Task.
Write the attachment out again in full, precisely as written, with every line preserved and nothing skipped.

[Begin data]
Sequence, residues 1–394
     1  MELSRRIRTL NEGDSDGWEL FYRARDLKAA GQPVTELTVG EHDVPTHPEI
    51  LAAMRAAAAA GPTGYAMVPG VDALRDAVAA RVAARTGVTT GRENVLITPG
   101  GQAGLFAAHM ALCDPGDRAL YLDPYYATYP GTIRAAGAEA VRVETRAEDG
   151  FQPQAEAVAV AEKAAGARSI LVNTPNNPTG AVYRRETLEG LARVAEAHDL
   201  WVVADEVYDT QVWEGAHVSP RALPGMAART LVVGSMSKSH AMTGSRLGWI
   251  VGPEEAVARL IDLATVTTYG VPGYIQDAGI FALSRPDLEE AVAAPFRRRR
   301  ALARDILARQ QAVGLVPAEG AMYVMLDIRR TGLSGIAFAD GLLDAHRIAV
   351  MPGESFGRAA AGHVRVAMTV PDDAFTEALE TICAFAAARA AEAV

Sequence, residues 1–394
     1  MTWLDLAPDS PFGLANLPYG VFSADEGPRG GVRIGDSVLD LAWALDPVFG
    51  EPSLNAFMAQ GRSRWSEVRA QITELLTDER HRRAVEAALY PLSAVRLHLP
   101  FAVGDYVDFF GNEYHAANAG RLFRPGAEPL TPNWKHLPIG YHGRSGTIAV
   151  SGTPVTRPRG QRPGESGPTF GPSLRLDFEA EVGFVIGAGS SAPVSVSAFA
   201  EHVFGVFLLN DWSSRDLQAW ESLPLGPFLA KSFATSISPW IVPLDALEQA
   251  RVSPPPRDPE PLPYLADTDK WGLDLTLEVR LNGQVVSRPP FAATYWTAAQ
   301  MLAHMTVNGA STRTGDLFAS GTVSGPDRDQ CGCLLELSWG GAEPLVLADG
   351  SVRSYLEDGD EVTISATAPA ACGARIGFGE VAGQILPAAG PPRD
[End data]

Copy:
Sequence, residues 1–394
     1  MELSRRIRTL NEGDSDGWEL FYRARDLKAA GQPVTELTVG EHDVPTHPEI
    51  LAAMRAAAAA GPTGYAMVPG VDALRDAVAA RVAARTGVTT GRENVLITPG
   101  GQAGLFAAHM ALCDPGDRAL YLDPYYATYP GTIRAAGAEA VRVETRAEDG
   151  FQPQAEAVAV AEKAAGARSI LVNTPNNPTG AVYRRETLEG LARVAEAHDL
   201  WVVADEVYDT QVWEGAHVSP RALPGMAART LVVGSMSKSH AMTGSRLGWI
   251  VGPEEAVARL IDLATVTTYG VPGYIQDAGI FALSRPDLEE AVAAPFRRRR
   301  ALARDILARQ QAVGLVPAEG AMYVMLDIRR TGLSGIAFAD GLLDAHRIAV
   351  MPGESFGRAA AGHVRVAMTV PDDAFTEALE TICAFAAARA AEAV

Sequence, residues 1–394
     1  MTWLDLAPDS PFGLANLPYG VFSADEGPRG GVRIGDSVLD LAWALDPVFG
    51  EPSLNAFMAQ GRSRWSEVRA QITELLTDER HRRAVEAALY PLSAVRLHLP
   101  FAVGDYVDFF GNEYHAANAG RLFRPGAEPL TPNWKHLPIG YHGRSGTIAV
   151  SGTPVTRPRG QRPGESGPTF GPSLRLDFEA EVGFVIGAGS SAPVSVSAFA
   201  EHVFGVFLLN DWSSRDLQAW ESLPLGPFLA KSFATSISPW IVPLDALEQA
   251  RVSPPPRDPE PLPYLADTDK WGLDLTLEVR LNGQVVSRPP FAATYWTAAQ
   301  MLAHMTVNGA STRTGDLFAS GTVSGPDRDQ CGCLLELSWG GAEPLVLADG
   351  SVRSYLEDGD EVTISATAPA ACGARIGFGE VAGQILPAAG PPRD